To expect all cyclists wanting to cross into Brooklands Avenue to divert via the new Toucan crossing or to use Station Road and the triangle route via Vinter Terrace is unrealistic. However, using the Vinter Terrace route and the existing crossing outside the Royal Albert Homes could be a useful alternative way (particularly if the crossing were to be made into a toucan) for getting onto the shared-use path on Brooklands Avenue.

Advanced Stop Lines. At all the stop lines at the traffic signals at the Brooklands Avenue/ Hills Road junction, Advanced Stop Lines (ASLs) with red surfacing are needed (and designed in accordance with Cycling England’s guidance in their Design Portfolio). It is particularly important that there should be ASLs in the outer traffic lane for inbound traffic which will be used by buses and confident cyclists turning right into the new road to the station. ASLs will give a much-needed indication to bus drivers that cyclists are legitimately turning right there. The road surface marking in the middle of the junction, which on the plans says ‘Buses only’ with a right-turn arrow, must be modified to say ‘Buses and cycles only’ and ideally there should be an area where right-turning cycles can wait in front of the buses.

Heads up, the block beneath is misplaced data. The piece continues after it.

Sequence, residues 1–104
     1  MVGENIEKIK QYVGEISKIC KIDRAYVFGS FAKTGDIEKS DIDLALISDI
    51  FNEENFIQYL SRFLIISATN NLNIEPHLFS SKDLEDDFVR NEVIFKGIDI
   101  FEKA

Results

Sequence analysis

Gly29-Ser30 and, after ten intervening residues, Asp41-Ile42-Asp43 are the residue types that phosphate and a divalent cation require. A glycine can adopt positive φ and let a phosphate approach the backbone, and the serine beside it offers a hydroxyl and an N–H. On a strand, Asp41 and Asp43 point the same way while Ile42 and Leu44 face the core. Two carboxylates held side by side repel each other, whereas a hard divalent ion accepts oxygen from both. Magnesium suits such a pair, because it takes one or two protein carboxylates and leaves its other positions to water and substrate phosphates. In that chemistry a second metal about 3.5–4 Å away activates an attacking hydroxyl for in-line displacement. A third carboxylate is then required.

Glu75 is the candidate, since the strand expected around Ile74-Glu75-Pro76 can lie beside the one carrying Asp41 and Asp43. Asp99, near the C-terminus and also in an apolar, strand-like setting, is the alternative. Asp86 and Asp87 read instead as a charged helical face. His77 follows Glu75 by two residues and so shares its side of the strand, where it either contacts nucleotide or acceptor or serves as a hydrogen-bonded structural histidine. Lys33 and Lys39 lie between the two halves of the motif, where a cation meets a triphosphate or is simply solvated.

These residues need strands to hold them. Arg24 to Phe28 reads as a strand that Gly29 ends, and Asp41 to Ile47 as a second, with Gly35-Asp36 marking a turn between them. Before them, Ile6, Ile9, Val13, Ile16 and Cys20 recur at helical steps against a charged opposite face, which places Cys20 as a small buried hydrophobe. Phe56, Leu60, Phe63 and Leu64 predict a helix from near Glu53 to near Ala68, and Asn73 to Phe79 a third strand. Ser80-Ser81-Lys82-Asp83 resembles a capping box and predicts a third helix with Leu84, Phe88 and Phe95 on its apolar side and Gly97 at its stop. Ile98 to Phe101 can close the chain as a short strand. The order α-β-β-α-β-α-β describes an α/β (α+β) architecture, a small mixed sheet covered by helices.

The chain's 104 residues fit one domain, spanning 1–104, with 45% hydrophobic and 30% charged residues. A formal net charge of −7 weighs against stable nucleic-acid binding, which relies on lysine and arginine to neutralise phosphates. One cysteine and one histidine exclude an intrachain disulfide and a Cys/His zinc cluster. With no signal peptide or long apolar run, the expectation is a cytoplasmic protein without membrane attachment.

Signs at the entry to the new road into the station. There are to be rising bollards a short distance along this road to limit entry to authorised buses and to cyclists (there will, of course, need to be a bypass for cyclists). The signs at the bollards and those giving advance warning of the bollards will, we understand, need Department of Transport approval and obviously it will be simplest if the signs are similar to those used at rising bollards elsewhere in the city. The present proposals are to have ‘No entry’ signs at the entrance to the new road with an ‘Except buses’ board below (which curiously is permitted even though ‘Except cycles’ is not). There would be an island and a 1.5 m cycle slipway alongside to let bicycles through. Committee members consider that the board beneath the no entry sign should say ‘Except authorised buses’, but disagree about the desirability of the proposed separate slip lane and island for cyclists here. A 20 mph sign will also be needed as the whole of the CB1 development is to have a 20 mph limit.